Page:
The environment experienced during spaceflight may impact the immune system and the thymus appears to undergo atrophy during spaceflight. However, molecular aspects of this thymic atrophy remain to be elucidated. In this study, we analysed the thymi of mice on board the international space station (ISS) for approximately 1 month. Thymic size was significantly reduced after spaceflight. Notably, exposure of mice to 1 × g using centrifugation cages in the ISS significantly mitigated the reduction in thymic size. Although spaceflight caused thymic atrophy, the global thymic structure was not largely changed. However, RNA sequencing analysis of the thymus showed significantly reduced expression of cell cycle-regulating genes in two independent spaceflight samples. These reductions were partially countered by 1 × g exposure during the space flights. Thus, our data suggest that spaceflight leads to reduced proliferation of thymic cells, thereby reducing the size of the thymus, and exposure to 1 × g might alleviate the impairment of thymus homeostasis induced by spaceflight.
Astronauts experience several environmental changes during space flight such as hypergravity during launching, microgravity, psychological stress, and high-dose space radiation. These hostile environmental changes affect various physiological functions of astronauts1,2,3,4. Regarding the immune system, various latent viruses were reportedly re-activated5,6. Analysis of blood samples from astronauts suggested that spaceflight influences the distribution of leukocytes7,8, and natural killer cell9, granulocyte and monocyte function7,10, along with plasma cytokine levels11,12. Consequently, these studies suggested that spaceflight impacts on the immune system. However, the effect of spaceflight on lymphoid organs and tissues are generally difficult to evaluate in humans. Therefore, animal models, mainly rodents, have been used to address this issue in spaceflight experiments13,14.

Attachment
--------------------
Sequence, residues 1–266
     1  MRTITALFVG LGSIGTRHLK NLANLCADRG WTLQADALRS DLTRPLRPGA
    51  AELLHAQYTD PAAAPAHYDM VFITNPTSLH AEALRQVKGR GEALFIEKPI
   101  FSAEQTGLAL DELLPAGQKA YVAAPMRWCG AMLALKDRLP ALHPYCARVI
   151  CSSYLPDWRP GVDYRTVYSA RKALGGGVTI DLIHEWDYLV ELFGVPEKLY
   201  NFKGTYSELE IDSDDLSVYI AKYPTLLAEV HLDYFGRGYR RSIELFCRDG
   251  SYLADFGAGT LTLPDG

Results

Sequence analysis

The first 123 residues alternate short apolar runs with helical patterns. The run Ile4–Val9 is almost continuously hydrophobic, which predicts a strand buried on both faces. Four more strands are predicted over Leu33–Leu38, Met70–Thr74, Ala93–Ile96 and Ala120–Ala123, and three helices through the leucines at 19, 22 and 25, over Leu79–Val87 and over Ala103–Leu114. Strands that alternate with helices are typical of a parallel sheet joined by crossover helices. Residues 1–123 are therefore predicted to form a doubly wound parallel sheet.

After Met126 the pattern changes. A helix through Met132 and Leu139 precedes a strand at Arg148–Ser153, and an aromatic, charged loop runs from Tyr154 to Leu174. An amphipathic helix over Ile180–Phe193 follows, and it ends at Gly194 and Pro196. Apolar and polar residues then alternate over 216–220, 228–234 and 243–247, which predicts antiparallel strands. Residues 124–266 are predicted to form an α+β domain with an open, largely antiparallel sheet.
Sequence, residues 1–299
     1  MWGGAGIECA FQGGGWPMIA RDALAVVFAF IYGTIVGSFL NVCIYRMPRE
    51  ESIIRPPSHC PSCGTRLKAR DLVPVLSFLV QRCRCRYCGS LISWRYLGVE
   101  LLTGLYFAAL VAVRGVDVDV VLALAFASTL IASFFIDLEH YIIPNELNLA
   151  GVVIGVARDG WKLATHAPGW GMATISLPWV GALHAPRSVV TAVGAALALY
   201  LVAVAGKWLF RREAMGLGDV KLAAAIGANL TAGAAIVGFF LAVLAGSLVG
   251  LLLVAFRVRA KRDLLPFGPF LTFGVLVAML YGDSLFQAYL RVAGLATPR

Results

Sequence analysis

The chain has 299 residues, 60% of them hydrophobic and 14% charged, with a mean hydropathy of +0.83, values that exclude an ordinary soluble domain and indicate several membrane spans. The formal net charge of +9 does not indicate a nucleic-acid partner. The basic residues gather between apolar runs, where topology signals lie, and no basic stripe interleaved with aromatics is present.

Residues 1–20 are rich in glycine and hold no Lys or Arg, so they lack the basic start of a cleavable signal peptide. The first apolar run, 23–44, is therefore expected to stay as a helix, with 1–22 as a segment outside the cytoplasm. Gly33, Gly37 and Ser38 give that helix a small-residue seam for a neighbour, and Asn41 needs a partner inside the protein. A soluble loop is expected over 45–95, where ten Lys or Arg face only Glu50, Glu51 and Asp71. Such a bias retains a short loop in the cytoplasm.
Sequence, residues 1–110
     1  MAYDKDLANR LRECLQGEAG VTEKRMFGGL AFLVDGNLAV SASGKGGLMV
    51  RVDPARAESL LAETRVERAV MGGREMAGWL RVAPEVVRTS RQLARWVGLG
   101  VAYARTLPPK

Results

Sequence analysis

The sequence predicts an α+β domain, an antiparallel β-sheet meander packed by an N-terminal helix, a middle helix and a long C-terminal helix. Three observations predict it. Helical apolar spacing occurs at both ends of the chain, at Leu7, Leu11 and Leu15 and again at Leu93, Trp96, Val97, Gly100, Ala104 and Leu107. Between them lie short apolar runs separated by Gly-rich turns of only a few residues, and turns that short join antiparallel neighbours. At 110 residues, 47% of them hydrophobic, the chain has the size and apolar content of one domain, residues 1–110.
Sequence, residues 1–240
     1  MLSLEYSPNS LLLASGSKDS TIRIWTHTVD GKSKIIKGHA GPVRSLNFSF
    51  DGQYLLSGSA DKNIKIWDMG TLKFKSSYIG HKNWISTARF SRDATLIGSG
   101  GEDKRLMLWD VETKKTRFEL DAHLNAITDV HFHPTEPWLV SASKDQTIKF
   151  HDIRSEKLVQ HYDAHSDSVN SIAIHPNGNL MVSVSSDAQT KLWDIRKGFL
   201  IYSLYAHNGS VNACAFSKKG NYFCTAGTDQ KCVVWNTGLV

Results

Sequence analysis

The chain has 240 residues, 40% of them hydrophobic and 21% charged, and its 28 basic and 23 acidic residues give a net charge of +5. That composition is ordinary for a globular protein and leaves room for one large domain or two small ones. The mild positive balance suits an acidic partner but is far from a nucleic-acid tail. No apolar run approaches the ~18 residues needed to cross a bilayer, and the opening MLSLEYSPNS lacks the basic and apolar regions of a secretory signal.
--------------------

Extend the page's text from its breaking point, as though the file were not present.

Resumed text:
The thymus is a primary lymphoid organ generating almost all T cells in the body. Disruption of thymic function causes immune deficiency and autoimmune diseases. In addition to age-dependent atrophy, the thymus undergoes atrophy by various psychological stressors, radiation, and virus infection15,16,17. Normally, double positive CD4+CD8+ thymocytes (DPs) are the most sensitive to these insults16,17. A short-term hindlimb unloading experiment, which is a ground model of spaceflight13,18, causes apoptosis of DPs in the cortex region of the thymus19,20. Indeed, several studies using rodents revealed thymic atrophy after spaceflight21,22,23. Consistent with this finding, in humans, T cell receptor excision circle (TREC) PCR assay showed that T cells newly generated from the thymus were decreased in the blood of astronauts by spaceflight24, supporting the impact of spaceflight on thymus homeostasis.